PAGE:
Extracting Website Data
As discussed in the previous article, prior to the development of the New Web Table Inference feature in Power BI, extracting tabular data from websites only worked well when the page had an underlying HTML table presenting the data. But with the new Web Table Inference feature in your toolbox, Power Query analyses the underlying code in the rendered page of the target website to work out what data to extract. At the time of this writing, the New Web Table Inference feature is still being developed and hence doesn’t work for all web pages, and sometimes needs a little massaging, but the potential of this feature is very exciting.
To activate this feature, go to File\Options and Settings\Options\Preview Features and turn on New Web Table Inference.
Scraping Dynamic Data
The data I want to extract is details of the Fortune 500 Companies, as listed by Fortune.com.
Before Turning on New Web Table Inference
If I try to extract the list without using the new preview feature, Power Query presents only a table captured from the footer of the page.
Note how Power Query was unable to identify the tabular structure of the core content of the page and instead offers a single object (Table 1) revealing the data from the Sections table of the footer contents. This standard approach to scraping is insufficient to get data from such a complex website and hence we need to use the new preview feature.
The Power of New Web Table Inference
With the new feature enabled, there are 2 table objects Power Query has detected. While Table 1 looks very similar to the contents of the dynamic table I am attempting to scrape, it is missing some of the columns, so I need to implement the “Add table using examples” button to train Power Query exactly what I am targeting.
NOTE: If you are attempting this at home, and only see one table (Sections data) presented even after the New Web Table Inference feature is enabled, just close your Get Data wizard, and attempt to connect to the web data source again. Also, try adjusting the url to connect via http:// rather than https://. We’re pushing the capabilities of this new feature to the limits by asking it to scrape such a complicated website, and as the feature is still in development it doesn’t work perfectly every time.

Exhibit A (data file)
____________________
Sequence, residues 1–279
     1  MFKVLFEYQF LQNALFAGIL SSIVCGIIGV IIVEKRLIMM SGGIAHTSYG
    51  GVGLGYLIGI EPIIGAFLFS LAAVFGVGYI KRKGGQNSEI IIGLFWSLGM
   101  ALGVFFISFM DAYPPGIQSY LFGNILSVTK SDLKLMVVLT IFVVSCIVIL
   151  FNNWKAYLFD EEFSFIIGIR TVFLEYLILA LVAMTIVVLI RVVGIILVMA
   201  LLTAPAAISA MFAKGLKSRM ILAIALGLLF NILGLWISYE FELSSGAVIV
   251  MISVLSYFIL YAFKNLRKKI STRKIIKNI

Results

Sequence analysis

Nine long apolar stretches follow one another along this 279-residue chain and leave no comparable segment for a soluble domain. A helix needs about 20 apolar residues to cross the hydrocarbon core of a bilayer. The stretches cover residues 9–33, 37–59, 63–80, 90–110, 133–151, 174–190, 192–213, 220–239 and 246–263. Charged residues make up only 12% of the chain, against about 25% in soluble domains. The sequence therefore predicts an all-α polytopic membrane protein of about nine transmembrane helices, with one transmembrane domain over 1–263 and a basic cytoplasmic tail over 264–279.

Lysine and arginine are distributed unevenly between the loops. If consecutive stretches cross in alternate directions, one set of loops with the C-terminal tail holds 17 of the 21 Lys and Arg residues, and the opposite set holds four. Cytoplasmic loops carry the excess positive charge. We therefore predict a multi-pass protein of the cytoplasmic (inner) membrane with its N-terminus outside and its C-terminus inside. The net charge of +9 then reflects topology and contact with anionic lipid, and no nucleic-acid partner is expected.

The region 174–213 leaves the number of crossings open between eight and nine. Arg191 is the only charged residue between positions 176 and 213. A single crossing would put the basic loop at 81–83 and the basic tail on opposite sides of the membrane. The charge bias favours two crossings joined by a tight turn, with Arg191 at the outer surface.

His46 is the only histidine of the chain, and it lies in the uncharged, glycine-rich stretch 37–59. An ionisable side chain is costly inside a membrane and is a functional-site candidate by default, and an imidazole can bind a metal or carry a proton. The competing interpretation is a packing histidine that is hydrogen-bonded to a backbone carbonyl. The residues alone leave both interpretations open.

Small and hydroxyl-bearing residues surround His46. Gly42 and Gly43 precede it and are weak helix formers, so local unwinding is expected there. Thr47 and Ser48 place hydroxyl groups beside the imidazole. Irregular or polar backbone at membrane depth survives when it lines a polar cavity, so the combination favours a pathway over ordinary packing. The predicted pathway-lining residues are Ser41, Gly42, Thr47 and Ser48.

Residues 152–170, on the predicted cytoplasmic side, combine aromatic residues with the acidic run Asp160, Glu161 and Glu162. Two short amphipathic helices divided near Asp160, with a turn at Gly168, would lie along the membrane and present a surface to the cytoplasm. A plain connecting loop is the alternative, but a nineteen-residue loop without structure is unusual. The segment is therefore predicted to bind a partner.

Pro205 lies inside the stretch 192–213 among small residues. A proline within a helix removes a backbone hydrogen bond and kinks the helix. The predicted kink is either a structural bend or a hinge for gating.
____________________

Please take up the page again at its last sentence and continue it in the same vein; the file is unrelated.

Training the query
By clicking “Add table using examples”, Power Query allows you to build your own table by showing it what you expect the table to reveal. In this instance I am targeting the complete table, but it is best practice to just scrape the data you need.
After clicking the button you are presented with a split screen. At the top is an interactive version of the web page of your target website, and on the bottom will be a blank spreadsheet. As you start to fill in the spreadsheet data, Intellisense helps you select the valid fields, presenting a list of possible values. As you work through the spreadsheet, Power Query is learning which values in the website relate to the table, and by the time you have completed a second row value, Power Query will be able to recognise the pattern of the web data and auto populate the remaining rows. Then just click “OK” and load the data into Power BI.
NOTE: While the New Web Table Inference feature has an amazing ability to scrape data from these complicated websites, one limitation that currently exists with the technology is that it is only capable of scraping from what is shown on the default web page instance. So, in this example, even if you were to click and expand the data set to 100 rows, the Power Query engine is still only going to detect the first 10.
Refresh Your Query in Power BI
Finally, in the case that Power BI loaded empty tables after completing the Get Data wizard. Simply refresh your query to scrape the page again.